You probably already know this by now, but Brooklyn Nets guard Kyrie Irving is not a fan of vaccine mandates. Yesterday, New York City Mayor Eric Adams announced that private businesses within the city would no longer require their employees to be vaccinated against COVID-19. The requirement for city workers to be vaccinated will still remain intact for now. I’m not sure if this set Irving off, but he had something to say in the following tweet.
“If I can work and be unvaccinated, then all of my brothers and sisters who are also unvaccinated should be able to do the same, without being discriminated against, vilified, or fired.
This enforced Vaccine/Pandemic is one the biggest violations of HUMAN RIGHTS in history.”
Last season, Kyrie Irving missed 53 games because he chose to be unvaccinated, and the NBA, a private company, had a vaccine mandate. He would later return in January to play in cities that didn’t have such mandates or had lifted them. Mayor Adams made an exception for athletes and performers back in March, which allowed Irving to play in home games.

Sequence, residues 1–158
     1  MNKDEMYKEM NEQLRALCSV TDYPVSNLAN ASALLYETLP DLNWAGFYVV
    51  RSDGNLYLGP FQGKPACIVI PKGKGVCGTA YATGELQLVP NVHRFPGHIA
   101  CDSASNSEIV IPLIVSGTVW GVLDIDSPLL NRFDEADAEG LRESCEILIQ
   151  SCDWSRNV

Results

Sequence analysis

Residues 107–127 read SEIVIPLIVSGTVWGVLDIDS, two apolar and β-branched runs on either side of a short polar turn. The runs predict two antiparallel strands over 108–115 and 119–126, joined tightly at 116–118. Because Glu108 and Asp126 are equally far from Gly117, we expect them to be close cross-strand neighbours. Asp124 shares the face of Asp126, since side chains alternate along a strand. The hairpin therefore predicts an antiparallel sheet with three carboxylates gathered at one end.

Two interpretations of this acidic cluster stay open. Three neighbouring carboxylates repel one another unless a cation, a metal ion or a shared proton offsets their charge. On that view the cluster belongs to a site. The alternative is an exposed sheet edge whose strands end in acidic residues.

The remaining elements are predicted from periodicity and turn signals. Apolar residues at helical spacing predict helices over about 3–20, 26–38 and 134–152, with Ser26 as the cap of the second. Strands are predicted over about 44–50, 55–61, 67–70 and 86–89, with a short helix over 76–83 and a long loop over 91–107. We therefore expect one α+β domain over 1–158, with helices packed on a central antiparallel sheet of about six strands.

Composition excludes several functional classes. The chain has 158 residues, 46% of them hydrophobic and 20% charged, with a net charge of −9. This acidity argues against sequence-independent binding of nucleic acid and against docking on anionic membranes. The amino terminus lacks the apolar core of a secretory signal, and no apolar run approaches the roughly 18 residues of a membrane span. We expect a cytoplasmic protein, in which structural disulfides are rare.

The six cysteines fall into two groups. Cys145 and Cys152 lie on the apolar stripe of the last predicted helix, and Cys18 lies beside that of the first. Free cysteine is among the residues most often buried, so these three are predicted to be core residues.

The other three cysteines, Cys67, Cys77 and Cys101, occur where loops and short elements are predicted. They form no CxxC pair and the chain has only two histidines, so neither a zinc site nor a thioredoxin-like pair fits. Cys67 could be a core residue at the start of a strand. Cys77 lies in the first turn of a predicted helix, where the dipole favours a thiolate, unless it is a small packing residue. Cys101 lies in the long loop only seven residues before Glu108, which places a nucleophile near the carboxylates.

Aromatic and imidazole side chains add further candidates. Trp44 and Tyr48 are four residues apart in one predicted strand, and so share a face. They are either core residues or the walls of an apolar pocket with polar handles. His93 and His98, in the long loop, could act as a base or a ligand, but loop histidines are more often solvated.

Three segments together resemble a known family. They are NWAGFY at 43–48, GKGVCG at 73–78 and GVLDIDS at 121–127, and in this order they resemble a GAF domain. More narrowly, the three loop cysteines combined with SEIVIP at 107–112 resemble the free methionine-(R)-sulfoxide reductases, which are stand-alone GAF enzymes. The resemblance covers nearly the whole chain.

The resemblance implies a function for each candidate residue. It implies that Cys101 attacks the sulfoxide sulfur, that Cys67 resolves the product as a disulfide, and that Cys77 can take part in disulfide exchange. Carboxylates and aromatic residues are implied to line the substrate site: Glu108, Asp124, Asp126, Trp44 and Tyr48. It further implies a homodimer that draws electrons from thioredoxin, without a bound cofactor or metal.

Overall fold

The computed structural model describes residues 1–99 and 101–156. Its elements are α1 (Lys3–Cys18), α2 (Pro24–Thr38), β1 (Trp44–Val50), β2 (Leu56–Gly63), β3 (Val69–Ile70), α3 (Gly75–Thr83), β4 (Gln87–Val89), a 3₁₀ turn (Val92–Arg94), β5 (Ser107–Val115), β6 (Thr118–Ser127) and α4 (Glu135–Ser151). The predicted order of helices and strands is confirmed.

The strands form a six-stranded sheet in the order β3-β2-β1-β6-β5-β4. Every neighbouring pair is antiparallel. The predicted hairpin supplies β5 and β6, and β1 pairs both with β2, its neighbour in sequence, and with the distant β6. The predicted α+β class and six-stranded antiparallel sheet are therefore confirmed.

While he still feels strongly about this, the question is why did he continuing playing even ask his “unvaccinated brothers and sisters” still had to abide by their mandates or required testing? Wouldn’t sitting out have been a better use of his platform? We are only still understanding the damage COVID-19 has done (and continues to do) to Black communities.
Also, as much as we want to get past it, the pandemic is still occurring. Nearly 400 people are still dying of COVID-19 every single day. Not to mention, we are still learning about who is being impacted by Long COVID. While we have better tools at our disposal, it’s up to people to use them – choice. Vaccine mandates are nowhere near events like slavery, the Holocaust, or the Trail of Tears. People in those situations did not have a choice; it was placed upon them. Irving still gets to be unvaccinated and gets millions of dollars playing in the profession he loves the most.